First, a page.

More specifically, there has been a lot of debate over the life-expectancy component of the Gender-related Development Index (GDI). As was mentioned previously, the GDI life expectancy section is adjusted to assume that women will live, normally, five years longer than men. This provision has been debated, and it has been argued that if the GDI was really looking to promote true equality, it would strive to attain the same life-expectancy for women and men, despite what might be considered a biological advantage or not. However, this may seem paradoxical in terms of policy implications, because, theoretically, this could only be achieved through providing preferential treatment to males, effectively discriminating against females. Furthermore, it has been argued that the GDI doesn't account for sex-selective abortion, meaning that the penalty levied against a country for gender inequality is less because it affects less of the population (see Sen, Missing Women).
Another area of debate surrounding the Gender-related Development Index (GDI) is in the area of income gaps. The GDI considers income-gaps in terms of actual earned income. This has been said to be problematic because often, men may make more money than women, but their income is shared. Additionally, the GDI has been criticized because it does not consider the value of care work as well as other work performed in the informal sector (such as cleaning, cooking, housework, and childcare). Another criticism of the GDI is that it only takes gender into account as a factor for inequality, it does not, however, consider inequality among class, region or race, which could be very significant. Another criticism with the income-gap portion of the GDI is that it is heavily dependent on gross domestic product (GDP) and gross national product (GNP). For most countries, the earned-income gap accounts for more than 90% of the gender penalty.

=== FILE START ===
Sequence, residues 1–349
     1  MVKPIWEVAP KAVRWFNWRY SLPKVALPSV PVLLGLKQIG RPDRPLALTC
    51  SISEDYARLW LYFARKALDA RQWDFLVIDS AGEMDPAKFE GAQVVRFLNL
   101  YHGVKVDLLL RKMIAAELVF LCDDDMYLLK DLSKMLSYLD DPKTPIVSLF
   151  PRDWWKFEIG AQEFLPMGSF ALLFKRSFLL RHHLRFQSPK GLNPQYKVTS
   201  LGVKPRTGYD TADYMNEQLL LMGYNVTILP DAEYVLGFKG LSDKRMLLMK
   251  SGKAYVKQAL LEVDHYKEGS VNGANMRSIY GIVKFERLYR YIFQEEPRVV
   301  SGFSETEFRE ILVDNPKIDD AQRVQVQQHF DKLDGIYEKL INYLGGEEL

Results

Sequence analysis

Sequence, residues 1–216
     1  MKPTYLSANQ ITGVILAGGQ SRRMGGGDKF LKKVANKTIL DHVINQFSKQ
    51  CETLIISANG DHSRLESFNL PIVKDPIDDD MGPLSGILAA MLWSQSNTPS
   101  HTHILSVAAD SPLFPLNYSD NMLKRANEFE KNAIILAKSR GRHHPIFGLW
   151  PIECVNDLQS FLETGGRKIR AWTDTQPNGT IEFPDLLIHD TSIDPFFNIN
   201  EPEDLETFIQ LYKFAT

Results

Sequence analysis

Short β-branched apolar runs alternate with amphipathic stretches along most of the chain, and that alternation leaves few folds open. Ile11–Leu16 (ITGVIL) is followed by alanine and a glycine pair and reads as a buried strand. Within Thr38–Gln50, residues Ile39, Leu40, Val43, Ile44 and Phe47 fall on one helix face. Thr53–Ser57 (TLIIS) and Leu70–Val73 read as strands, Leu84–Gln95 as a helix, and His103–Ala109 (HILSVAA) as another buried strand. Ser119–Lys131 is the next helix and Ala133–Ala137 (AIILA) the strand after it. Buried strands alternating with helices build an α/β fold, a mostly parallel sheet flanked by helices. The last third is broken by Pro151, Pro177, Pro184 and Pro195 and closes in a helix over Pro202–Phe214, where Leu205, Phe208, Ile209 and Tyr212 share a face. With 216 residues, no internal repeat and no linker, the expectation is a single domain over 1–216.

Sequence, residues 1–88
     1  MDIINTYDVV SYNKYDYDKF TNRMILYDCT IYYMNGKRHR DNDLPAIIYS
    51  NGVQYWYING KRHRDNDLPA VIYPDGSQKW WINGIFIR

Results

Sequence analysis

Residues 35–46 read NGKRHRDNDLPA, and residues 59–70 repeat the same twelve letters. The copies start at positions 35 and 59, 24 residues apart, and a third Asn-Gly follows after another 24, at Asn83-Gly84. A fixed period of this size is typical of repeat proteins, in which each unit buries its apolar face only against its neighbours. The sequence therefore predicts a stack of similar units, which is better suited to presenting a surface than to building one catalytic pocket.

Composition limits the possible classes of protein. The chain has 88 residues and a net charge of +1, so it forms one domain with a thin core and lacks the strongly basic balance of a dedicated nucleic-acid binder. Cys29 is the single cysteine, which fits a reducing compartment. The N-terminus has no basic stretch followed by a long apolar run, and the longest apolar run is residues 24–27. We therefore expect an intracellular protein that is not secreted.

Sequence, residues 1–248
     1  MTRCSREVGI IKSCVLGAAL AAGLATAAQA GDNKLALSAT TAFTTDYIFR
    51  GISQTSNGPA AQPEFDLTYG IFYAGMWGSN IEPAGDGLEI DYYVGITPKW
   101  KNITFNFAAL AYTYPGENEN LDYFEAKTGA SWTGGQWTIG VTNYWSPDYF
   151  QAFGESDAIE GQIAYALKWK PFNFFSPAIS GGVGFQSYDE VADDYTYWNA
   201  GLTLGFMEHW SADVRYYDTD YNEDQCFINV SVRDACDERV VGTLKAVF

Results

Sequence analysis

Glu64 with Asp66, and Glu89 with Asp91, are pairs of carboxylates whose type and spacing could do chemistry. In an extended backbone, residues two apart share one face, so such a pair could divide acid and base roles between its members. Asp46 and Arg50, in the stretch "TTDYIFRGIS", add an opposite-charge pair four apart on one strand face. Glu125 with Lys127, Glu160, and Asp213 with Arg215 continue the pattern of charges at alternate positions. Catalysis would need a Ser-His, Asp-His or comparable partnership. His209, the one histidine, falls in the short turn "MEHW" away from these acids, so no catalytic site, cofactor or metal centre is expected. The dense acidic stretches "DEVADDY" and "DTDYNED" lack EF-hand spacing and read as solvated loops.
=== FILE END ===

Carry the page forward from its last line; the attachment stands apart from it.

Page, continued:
As was suggested by Halis Akder in 1994, one alternative to the Gender-related Development Index would be the calculation of a separate male and female Human Development Index (HDI). Another suggested alternative is the Gender Gap Measure which could be interpreted directly as a measure of gender inequality, instead of having to be compared to the Human Development Index (HDI) as the GDI is. It would average the female-male gaps in human development and use a gender-gap in labor force participation instead of earned income. In the 2010 Human Development Report, another alternative to the Gender-related Development Index (GDI), namely, the Gender Inequality Index (GII) was proposed in order to address some of the shortcomings of the GDI. This new experimental measure contains three dimensions: Reproductive Health, Empowerment, and Labor Market Participation.